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Research article:

Clinical management following self-harm in a UK-wide primary care cohort


Matthew J Carr, Darren M Ashcroft, Evan Kontopantelis, David While, Yvonne Awenat, Jayne Cooper, Carolyn Chew-Graham, Nav Kapur, Roger T Webb(2016) Clinical management following self-harm in a UK-wide primary care cohort. Journal of Affective Disorders, doi:

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Background: Little is known about the clinical management of patients in primary care following self-harm. Methods: A descriptive cohort study using data from 684 UK general practices that contributed to the Clinical Practice Research Datalink (CPRD) during 2001-2013. We identified 49,970 patients with a self-harm episode, 41,500 of whom had one complete year of follow-up. Results: Among those with complete follow-up, 26,065 (62.8%, 62.3-63.3) were prescribed psychotropic medication and 6,318 (15.2%, 14.9-15.6) were referred to mental health services; 4,105 (9.9%, CI 9.6-10.2) were medicated without an antecedent psychiatric diagnosis or referral, and 4,506 (10.9%, CI 10.6-11.2) had a diagnosis but were not subsequently medicated or referred. Patients registered at practices in the most deprived localities were 27.1% (CI 21.5-32.2) less likely to be referred than those in the least deprived. Despite a specifically flagged NICE ‘Do not do’ recommendation in 2011 against prescribing tricyclic antidepressants following self-harm because of their potentially lethal toxicity in overdose, 8.8% (CI 7.8-9.8) of individuals were issued a prescription in the subsequent year. The percentage prescribed Citalopram, an SSRI antidepressant with higher toxicity in overdose, fell sharply during 2012/2013 in the aftermath of a Medicines and Healthcare products Regulatory Agency (MHRA) safety alert issued in 2011. Conclusions: A relatively small percentage of these vulnerable patients are referred to mental health services, and reduced likelihood of referral in more deprived localities reflects a marked health inequality. National clinical guidelines have not yet been effective in reducing rates of tricyclic antidepressant prescribing for this high-risk group.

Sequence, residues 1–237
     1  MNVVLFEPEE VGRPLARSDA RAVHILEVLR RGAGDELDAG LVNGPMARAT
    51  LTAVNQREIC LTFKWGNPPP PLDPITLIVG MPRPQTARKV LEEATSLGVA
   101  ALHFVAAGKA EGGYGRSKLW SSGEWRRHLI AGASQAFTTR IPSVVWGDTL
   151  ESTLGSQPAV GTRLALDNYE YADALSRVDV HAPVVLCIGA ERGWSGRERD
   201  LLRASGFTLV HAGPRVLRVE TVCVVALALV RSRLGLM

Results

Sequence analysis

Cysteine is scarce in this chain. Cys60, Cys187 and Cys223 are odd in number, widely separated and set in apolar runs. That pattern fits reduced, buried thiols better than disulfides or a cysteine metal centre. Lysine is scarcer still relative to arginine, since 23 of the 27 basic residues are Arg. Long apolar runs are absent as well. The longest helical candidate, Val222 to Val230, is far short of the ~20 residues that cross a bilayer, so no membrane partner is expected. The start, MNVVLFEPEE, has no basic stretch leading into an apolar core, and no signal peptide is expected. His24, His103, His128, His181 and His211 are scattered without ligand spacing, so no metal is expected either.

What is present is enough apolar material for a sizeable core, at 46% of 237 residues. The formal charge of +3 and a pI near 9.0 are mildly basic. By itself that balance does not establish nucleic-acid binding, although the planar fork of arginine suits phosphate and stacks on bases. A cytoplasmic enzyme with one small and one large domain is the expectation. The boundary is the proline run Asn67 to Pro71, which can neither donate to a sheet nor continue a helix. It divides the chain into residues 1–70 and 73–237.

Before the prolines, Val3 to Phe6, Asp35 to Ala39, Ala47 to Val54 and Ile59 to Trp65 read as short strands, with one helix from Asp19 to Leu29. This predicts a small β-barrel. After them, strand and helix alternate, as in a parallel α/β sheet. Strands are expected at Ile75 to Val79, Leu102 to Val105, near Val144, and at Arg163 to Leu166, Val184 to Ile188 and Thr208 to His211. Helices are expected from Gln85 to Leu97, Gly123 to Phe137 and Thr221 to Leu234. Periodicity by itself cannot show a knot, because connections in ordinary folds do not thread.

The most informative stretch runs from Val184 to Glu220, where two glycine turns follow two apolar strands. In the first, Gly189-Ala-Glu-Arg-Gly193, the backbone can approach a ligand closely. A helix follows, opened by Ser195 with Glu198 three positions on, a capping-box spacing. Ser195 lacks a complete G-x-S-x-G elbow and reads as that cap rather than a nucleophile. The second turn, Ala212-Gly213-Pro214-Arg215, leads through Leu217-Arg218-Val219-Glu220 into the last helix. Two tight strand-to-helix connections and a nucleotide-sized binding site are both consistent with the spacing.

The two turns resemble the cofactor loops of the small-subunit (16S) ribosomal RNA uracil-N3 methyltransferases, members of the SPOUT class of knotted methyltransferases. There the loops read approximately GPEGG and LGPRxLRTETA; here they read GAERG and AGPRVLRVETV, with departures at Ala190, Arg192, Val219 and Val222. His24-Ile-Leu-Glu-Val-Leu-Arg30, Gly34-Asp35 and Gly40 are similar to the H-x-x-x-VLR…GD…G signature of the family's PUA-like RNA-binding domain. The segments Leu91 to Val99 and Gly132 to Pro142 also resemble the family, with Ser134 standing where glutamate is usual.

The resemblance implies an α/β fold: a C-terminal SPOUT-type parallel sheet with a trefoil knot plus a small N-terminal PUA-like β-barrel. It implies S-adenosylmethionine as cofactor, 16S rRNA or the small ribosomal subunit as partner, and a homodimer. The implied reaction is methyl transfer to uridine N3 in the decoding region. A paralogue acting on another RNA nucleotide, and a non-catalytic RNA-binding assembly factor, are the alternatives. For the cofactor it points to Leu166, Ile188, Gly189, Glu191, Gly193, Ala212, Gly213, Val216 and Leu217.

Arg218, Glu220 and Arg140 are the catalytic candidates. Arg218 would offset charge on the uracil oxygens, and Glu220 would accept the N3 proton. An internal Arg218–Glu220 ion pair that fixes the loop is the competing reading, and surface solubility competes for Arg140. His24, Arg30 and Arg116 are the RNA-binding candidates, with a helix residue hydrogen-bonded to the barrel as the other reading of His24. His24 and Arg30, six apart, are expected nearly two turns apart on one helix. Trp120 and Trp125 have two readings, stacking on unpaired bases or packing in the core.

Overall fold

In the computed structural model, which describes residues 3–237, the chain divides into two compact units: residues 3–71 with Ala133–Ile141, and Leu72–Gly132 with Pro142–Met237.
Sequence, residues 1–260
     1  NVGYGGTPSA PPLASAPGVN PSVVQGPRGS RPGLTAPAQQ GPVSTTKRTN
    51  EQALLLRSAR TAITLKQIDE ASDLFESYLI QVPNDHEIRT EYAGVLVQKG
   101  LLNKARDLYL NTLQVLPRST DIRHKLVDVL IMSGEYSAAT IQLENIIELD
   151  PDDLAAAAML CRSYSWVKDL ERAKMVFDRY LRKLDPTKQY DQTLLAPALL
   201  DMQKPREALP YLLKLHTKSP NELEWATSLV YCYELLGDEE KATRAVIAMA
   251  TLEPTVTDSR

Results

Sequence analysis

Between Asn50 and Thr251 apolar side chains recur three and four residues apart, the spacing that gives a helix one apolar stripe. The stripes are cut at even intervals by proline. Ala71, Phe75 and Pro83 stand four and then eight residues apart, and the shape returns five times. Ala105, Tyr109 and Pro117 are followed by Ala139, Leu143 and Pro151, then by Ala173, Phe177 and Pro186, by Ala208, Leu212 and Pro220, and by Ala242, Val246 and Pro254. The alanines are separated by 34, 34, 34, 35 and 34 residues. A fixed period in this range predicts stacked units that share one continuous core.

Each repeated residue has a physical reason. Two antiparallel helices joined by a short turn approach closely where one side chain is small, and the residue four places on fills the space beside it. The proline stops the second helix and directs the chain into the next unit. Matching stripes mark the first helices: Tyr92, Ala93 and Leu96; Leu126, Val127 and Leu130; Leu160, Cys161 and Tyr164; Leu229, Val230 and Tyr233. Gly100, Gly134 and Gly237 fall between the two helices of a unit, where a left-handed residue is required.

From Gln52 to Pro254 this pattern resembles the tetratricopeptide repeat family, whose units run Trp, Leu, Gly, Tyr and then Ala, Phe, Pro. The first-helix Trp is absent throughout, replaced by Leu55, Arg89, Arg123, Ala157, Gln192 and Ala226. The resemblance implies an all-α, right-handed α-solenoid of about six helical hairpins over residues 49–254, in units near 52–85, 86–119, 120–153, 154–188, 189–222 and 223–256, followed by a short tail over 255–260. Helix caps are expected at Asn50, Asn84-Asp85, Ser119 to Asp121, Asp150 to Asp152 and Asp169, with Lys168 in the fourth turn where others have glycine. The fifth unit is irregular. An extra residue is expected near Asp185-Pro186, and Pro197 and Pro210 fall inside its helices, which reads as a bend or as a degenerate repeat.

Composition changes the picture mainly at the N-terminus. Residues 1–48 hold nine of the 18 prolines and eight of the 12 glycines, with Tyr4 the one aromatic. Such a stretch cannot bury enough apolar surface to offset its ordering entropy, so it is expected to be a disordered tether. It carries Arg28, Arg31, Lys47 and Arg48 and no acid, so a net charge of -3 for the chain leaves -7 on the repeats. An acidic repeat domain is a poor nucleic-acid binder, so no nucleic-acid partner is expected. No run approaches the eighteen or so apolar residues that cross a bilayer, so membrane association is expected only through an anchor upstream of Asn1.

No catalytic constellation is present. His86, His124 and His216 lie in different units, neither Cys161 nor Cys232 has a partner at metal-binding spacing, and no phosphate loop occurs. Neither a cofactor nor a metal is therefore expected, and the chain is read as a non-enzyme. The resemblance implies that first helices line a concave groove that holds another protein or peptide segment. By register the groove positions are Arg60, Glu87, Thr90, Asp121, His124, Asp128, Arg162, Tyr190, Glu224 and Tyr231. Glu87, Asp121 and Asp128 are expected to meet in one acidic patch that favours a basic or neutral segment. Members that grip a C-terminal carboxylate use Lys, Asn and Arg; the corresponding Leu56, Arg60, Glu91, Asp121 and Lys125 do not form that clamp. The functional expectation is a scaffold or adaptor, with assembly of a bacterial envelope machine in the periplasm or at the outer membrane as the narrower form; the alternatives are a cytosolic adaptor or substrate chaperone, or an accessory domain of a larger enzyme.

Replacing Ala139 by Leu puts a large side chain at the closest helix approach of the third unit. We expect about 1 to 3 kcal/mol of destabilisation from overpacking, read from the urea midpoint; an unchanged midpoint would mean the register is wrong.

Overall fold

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Matthew J Carr
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Res36: Self-harm Download this codelist
Res36: Anxiety Download this codelist
Res36: Bipolar disorder Download this codelist
Res36: Depression Download this codelist
Res36: Eating disorder Download this codelist
Res36: Personality disorder Download this codelist
Res36: Schizophrenia spectrum Download this codelist
Res36: Anxiolitics Download this codelist
Res36: Atypical APDs Download this codelist
Res36: Benzodiazepines Download this codelist
Res36: Depot APDs Download this codelist
Res36: Lithium and other mood stabilisers Download this codelist
Res36: Opioid analgesics Download this codelist
Res36: Other ADDs Download this codelist
Res36: SSRI ADDs Download this codelist
Res36: Tricyclic ADDs Download this codelist
Res36: Typical APDs Download this codelist

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